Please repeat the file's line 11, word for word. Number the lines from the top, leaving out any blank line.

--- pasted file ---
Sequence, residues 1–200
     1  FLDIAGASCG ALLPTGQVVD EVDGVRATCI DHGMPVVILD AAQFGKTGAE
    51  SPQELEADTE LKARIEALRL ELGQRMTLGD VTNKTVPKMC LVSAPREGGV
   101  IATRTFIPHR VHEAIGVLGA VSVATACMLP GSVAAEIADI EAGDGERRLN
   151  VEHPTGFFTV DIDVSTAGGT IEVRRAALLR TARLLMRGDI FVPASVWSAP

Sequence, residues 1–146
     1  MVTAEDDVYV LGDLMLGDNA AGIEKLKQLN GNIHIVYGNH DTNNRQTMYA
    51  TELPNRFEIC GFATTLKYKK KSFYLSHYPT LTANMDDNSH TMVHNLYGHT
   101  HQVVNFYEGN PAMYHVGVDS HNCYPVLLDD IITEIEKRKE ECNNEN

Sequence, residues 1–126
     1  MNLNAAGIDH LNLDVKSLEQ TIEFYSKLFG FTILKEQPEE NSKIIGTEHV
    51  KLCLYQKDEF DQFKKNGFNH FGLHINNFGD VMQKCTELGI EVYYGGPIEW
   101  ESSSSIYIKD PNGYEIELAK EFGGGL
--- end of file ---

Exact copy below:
     1  MNLNAAGIDH LNLDVKSLEQ TIEFYSKLFG FTILKEQPEE NSKIIGTEHV